IN some ways this is a story of what might have been. Of missed opportunities and being in the wrong place at the right time. At the end of the 1970s, Paul Simpson was in a band with future Echo and the Bunnymen frontman Ian McCulloch and Julian Cope, soon to be the singer with The Teardrop Explodes. Simpson was even a member of the latter band for a while. Within a couple of years both McCulloch and Cope were pop stars. Simpson, meanwhile, was working in a tea shop back in Liverpool.

Simpson’s next band, The Wild Swans, made one of the truly great singles of the early 1980s in Revolutionary Spirit, but it was recorded in mono by mistake. Then the rest of the band left, taking one of his tunes with them and had a huge hit with it.

At that peacock moment in those post-punk years Simpson had the look, the voice, the talent, but none of the luck. “I’m a bit of a peripheral figure,” he says even before I’ve asked him a question. “And I’m not used to being taken seriously. If you are indeed going to take me seriously.”

I am. And with good reason. And not only because Revolutionary Spirit is one of my favourite singles. Simpson has now written a memoir that is one of the great pop books of 2023.

READ MORE: Christmas movies: It's A Wonderful Life versus Die Hard

Self-laceratingly honest and often very funny, it provides an insight into a pop moment in a pop city recorded by someone at the heart of it. In its pages everyone from Bill Drummond and Ian Broudie to a teenage Courtney Love turn up.

The book’s subtitle is “A post-punk exorcism” and for Simpson, who now lives in Glasgow, that’s not an affectation. “It’s exactly what it’s been,” he says. “It’s been hugely therapeutic. I’ve been carrying this stuff around. Some of these stories I’ve literally not told anyone. It’s my truth. It’s a metaphorical truth. Every member of the old band will have their version of events, but this is mine. I can’t say this is what happened, but it’s how I perceived it.”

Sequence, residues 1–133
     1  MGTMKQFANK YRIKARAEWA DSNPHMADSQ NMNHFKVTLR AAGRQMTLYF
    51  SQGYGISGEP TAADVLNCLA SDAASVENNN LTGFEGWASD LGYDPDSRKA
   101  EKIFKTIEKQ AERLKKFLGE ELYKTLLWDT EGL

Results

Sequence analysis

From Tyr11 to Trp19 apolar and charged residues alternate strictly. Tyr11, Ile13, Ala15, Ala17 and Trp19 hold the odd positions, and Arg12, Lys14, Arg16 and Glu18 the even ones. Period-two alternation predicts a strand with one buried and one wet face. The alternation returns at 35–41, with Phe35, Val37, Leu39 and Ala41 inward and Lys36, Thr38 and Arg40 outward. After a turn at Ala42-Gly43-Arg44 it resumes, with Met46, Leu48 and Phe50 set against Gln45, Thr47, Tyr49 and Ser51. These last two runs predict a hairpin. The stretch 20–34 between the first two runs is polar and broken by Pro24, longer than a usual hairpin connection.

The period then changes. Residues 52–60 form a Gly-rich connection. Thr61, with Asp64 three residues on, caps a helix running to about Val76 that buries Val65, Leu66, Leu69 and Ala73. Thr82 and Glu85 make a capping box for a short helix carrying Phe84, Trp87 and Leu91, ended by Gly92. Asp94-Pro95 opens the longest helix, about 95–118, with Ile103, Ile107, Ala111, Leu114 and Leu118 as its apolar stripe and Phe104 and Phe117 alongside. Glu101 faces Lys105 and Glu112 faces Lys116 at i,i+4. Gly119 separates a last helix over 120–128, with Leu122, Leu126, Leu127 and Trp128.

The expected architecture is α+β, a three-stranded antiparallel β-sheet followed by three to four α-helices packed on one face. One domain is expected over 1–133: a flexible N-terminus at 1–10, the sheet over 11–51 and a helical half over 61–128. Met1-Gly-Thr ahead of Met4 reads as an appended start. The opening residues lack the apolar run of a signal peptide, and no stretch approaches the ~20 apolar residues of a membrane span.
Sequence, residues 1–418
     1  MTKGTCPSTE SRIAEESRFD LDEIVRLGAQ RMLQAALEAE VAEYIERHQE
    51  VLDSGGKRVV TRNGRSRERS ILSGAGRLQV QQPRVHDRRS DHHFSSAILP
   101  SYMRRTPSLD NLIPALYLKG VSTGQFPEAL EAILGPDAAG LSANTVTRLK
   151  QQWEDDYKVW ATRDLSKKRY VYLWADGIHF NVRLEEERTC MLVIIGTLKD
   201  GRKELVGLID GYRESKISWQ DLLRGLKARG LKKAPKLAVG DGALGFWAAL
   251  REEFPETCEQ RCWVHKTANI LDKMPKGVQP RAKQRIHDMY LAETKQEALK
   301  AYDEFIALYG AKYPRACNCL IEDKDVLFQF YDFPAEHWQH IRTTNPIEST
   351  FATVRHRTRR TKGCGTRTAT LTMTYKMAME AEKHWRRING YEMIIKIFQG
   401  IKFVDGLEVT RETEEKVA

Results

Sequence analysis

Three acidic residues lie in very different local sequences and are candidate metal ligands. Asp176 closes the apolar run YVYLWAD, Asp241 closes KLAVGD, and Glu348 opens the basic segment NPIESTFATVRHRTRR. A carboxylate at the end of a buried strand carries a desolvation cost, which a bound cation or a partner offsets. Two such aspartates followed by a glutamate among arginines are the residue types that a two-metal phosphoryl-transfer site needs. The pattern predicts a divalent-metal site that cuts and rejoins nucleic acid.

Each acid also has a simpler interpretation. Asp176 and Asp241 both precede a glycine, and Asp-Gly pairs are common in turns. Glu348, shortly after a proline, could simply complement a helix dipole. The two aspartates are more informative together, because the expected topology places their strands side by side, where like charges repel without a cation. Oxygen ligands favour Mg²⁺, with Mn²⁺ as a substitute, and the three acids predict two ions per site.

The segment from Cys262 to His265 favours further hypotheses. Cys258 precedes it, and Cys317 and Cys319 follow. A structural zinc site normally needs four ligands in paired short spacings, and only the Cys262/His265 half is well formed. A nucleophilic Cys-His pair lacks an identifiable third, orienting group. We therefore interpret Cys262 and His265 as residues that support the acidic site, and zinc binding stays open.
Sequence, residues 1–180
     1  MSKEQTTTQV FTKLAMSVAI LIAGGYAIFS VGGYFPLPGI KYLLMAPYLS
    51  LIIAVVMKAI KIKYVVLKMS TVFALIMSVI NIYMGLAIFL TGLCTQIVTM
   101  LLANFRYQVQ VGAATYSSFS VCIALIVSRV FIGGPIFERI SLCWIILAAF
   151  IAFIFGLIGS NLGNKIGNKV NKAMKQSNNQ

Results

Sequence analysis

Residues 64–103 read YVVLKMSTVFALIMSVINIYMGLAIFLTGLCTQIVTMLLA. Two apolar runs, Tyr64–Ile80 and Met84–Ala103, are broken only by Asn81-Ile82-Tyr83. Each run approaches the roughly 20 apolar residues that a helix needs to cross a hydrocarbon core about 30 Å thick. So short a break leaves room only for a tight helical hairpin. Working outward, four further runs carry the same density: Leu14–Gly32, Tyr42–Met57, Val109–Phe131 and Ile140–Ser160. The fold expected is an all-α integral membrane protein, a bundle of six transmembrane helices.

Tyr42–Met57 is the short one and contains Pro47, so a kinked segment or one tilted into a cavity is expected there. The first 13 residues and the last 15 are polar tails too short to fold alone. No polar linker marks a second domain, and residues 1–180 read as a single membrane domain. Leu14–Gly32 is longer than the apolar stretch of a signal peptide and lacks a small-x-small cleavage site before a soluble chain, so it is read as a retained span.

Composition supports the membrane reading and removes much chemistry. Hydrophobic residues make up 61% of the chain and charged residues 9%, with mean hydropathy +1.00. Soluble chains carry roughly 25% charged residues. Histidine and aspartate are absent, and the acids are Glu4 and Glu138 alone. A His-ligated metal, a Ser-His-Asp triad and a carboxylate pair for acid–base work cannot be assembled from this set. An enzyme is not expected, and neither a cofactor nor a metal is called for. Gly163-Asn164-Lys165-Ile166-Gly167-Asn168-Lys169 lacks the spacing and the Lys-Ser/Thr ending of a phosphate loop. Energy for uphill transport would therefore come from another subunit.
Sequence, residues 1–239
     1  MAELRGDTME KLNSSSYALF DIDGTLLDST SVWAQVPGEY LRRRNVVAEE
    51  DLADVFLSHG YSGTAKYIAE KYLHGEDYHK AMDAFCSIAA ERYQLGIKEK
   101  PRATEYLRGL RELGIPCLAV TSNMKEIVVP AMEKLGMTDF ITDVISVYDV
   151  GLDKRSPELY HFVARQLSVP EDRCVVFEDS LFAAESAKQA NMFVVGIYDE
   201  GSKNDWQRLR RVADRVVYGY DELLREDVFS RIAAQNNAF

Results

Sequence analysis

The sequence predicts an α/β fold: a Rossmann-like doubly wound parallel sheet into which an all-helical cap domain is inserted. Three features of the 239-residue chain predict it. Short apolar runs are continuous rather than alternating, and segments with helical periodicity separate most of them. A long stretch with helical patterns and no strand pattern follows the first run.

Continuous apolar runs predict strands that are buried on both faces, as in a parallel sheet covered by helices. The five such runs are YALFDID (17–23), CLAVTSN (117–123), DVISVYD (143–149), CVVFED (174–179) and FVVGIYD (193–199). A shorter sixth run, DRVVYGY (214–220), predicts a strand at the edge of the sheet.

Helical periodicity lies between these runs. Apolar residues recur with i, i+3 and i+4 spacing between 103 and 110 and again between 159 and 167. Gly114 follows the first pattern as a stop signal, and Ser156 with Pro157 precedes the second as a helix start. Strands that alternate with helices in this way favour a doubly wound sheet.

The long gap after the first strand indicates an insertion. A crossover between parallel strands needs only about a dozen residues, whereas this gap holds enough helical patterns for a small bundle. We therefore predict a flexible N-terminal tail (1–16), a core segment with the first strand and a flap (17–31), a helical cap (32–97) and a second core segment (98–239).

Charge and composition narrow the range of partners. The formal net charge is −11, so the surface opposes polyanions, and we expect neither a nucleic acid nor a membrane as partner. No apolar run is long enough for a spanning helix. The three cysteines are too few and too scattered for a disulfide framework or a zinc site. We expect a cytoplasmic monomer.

Liverpool at the end of the 1970s was incubating the future of British pop. Based around Eric’s nightclub and Probe Records, many of the people who would dominate the charts in the years to come – not only Cope and McCulloch, but also Pete Burns and Pete Wylie – were in collusion and competition.

But even in this company, Simpson stood out. “Julian Cope has me pegged as an effeminate clotheshorse, the type who’d be kicked out of David Sylvian’s Japan for looking too camp,” he writes in the pages of Revolutionary Spirit. (It’s worth saying that Simpson still looks the part these days, albeit a little more toned down.)

Who was that young man? “I was incredibly shy, but that was perceived in Liverpool as aloofness. So, I think people were a bit wary of me.”

But his style marked him out. Shy or not, he liked being noticed. “Getting attention is addictive,” he admits now. And what better way to get attention than being in a band?

The Herald: Echo and the BunnymenEcho and the Bunnymen (Image: free)

For a short time that band was A Shallow Madness, with both Cope and McCulloch. It didn’t last. “Mac wasn’t turning up to rehearsals.”

Cope and Simpson went on to start The Teardrop Explodes, with Simpson playing keyboards. Signed to Bill Drummond and David Balfe’s local label Zoo Records, the Teardrops were more art than pop at the beginning. “It was fine at first. Super minimal, Sooty organ, stripped back to its bones post-punk,” Simpson recalls. “But the new songs were getting poppier and poppier.”

This wasn’t what Simpson wanted, so he left. “I was in Teardrops for five minutes, really. I just thought, ‘My heart’s not in this’, so left, which caused a bit of a ripple in Liverpool because I took a job in a city centre tearoom. Obviously I didn’t leave the Teardrops to work in a tearoom, but that’s how it seemed. ‘The band most likely to and he’s left to peel potatoes in a kitchen’.”

And before long both the Bunnymen and the Teardrops were turning up in the charts and Top of the Pops. That must have stung?

“Oh, it did and Zoo Records left Liverpool, relocated to Islington, and they took the Teardrops and the Bunnymen with them and no-one told me. And no-one kept in touch really.

“I felt very betrayed when they didn’t take me with them, but I stayed friends with them all.”